Taxis are nearly everywhere in Accra, and throughout Ghana as well. Country or city, paved road or dirt lane, there's bound to be a taxi passing soon.
If you got no car in Ghana and need to get somewhere fast, this is great. Flag down one of the orange-hipped wonders, barter your price, off you go.
On a recent trip to the US I told a friend that, if I walked out my front door and didn't find a taxi within two minutes, I got frustrated. They were surprised at this. I was surprised that they were surprised. Then I remembered, "Right, the US don't got taxis like Ghana's got taxis."
|One of Ghana's iconic orange-paneled taxis passing Accra's iconic|
If you do have your own car in Ghana and want to get somewhere fast, however, the omnipresence of taxis is not so great. And that's because taxi drivers here know how to behave as if they were the only thing on the road.
These guys (I've never seen a woman driving a taxi) are practically a force of nature, a law unto themselves. If they push their way into an intersection in front of you (even though you have the right-of-way), or drift pointedly into your lane, or otherwise cut you off - let them. They're more determined than you. And, with their chariot sure to be already scraped and dented from the bump-and-grind of Accra traffic, they've got less to lose.
Taxis in Ghana are quite versatile. They can take you across town to the mall. They can get a bed or a dresser or a sofa or a mattress home from the store for you. They can take you and your 200 yams to market.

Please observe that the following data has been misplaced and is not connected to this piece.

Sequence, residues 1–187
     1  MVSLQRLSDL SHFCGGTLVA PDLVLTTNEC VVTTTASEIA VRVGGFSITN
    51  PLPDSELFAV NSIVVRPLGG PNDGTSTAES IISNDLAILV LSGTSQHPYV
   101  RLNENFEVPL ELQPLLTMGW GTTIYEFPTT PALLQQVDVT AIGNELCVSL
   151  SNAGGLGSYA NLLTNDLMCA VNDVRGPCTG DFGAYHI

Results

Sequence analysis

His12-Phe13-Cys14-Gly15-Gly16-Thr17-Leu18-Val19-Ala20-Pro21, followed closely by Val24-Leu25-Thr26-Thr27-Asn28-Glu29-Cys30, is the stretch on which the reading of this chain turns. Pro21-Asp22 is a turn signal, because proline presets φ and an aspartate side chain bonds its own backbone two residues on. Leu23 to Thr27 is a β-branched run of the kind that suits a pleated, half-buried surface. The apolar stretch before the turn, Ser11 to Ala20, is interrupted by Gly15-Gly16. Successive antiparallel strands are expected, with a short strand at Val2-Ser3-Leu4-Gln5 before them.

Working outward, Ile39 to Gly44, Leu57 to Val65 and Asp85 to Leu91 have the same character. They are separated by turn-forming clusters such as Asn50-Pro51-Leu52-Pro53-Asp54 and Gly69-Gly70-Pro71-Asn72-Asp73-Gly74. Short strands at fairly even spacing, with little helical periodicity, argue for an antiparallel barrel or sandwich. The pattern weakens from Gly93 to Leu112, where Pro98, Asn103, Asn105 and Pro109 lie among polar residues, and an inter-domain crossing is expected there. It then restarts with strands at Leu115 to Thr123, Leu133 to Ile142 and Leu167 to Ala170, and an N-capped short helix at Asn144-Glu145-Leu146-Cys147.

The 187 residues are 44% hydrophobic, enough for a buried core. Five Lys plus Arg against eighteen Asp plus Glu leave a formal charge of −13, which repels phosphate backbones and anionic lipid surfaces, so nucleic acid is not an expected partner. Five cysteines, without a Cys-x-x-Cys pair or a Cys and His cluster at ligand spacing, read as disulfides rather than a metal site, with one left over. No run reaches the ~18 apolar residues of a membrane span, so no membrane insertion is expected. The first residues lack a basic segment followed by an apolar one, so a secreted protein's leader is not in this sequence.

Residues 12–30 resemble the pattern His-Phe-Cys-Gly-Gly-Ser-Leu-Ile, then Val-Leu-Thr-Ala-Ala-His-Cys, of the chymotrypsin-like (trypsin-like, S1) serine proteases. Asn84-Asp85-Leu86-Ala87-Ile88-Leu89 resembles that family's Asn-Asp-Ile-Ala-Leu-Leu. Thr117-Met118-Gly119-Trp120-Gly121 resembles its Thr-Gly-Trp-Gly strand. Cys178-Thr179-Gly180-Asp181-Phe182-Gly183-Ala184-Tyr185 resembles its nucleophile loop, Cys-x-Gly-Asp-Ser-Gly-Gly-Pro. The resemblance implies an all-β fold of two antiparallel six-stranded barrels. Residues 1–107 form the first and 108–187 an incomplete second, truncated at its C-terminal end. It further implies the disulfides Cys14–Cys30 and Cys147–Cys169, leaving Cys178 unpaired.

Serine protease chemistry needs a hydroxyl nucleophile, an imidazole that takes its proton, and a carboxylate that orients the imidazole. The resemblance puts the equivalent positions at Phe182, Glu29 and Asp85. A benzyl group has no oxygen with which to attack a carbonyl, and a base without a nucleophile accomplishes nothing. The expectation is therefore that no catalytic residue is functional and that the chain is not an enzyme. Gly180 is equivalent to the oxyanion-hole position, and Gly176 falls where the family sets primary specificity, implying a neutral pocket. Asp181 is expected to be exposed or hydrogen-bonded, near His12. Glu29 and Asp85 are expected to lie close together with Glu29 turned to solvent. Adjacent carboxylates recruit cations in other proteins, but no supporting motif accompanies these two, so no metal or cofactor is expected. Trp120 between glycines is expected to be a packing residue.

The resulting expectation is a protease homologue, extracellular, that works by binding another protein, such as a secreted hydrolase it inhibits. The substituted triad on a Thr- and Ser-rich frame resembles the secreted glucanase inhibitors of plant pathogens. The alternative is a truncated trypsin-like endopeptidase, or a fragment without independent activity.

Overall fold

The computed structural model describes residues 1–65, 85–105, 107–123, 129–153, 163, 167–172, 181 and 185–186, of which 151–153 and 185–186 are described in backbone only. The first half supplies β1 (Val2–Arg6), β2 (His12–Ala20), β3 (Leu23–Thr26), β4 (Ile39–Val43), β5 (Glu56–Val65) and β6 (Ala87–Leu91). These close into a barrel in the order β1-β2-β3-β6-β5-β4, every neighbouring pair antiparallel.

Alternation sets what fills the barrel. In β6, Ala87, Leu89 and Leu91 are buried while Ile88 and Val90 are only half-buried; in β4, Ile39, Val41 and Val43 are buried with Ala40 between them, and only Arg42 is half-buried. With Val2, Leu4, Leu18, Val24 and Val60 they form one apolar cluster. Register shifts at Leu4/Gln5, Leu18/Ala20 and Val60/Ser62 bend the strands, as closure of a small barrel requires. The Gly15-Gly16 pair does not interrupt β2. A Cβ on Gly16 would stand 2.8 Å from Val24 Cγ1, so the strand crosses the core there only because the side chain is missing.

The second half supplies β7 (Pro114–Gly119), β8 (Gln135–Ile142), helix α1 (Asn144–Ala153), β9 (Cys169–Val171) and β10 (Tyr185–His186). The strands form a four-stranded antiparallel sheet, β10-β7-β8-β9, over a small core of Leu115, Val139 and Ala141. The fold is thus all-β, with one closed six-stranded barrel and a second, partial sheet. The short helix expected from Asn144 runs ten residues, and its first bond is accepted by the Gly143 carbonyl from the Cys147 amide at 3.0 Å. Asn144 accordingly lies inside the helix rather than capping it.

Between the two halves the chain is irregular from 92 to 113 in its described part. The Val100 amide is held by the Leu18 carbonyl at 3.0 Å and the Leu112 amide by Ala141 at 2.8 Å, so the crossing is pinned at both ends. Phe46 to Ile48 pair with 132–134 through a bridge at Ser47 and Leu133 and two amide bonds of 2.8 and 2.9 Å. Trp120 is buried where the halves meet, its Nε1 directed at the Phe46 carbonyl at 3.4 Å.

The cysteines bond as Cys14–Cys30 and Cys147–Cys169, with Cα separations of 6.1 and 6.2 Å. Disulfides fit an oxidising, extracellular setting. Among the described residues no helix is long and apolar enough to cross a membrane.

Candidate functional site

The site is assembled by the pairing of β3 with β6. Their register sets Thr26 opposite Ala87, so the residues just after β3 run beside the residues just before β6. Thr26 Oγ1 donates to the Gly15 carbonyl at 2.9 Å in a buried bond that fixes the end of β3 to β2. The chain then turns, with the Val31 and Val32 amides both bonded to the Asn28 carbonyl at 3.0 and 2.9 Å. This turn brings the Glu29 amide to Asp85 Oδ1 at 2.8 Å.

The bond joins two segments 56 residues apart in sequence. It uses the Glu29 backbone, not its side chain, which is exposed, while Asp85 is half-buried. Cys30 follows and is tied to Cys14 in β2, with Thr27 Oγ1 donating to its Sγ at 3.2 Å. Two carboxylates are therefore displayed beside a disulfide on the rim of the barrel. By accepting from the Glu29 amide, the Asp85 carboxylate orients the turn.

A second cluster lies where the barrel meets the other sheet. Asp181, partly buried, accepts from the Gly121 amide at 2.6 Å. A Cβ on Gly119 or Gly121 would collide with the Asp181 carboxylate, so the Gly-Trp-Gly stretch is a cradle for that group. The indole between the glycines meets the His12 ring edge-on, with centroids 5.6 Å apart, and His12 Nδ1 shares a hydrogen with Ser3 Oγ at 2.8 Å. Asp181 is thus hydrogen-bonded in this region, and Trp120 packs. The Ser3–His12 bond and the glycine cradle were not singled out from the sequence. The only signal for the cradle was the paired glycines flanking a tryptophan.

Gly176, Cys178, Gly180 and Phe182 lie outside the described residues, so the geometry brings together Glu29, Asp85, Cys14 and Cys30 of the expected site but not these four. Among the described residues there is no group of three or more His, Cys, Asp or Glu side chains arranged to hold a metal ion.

They can even be tow trucks.
On a recent weekend trip to Ghana's Volta Region, my car broke down. Now, if I was stuck on the side of the road in the US, my procedure would be something like: call a tow truck, get car to mechanic, wait while mechanic tries to fix.
Here, I just flagged down a taxi.
The driver took me to the nearest mechanic. He took the mechanic and me back to the car. Then, when the mechanic said we should get the car to his nearby shop, the taxi driver broke out a dirty length of rope. He roped my car to his taxi. And off we went to the mechanic's place - no tow truck needed.
I spent some hours, then, on a wooden bench in this mechanic's 'shop' - little more than a rickety corrugated-roof pavilion over a patch of dirt, with a cluttered workbench and a few old cars sitting under a nearby tree.
It was oddly pleasant, though, probably more so than sitting in some enclosed and greasy-smelling anteroom in a car garage in the US. The wind ruffled my hair. Traffic breezed past. The mechanic's friends dropped by to say hello.
I never did get to the Volta Region that weekend, and regrettably spent more time with the mechanic than I spent having fun.
But at least I can say I've had my car towed by a taxi.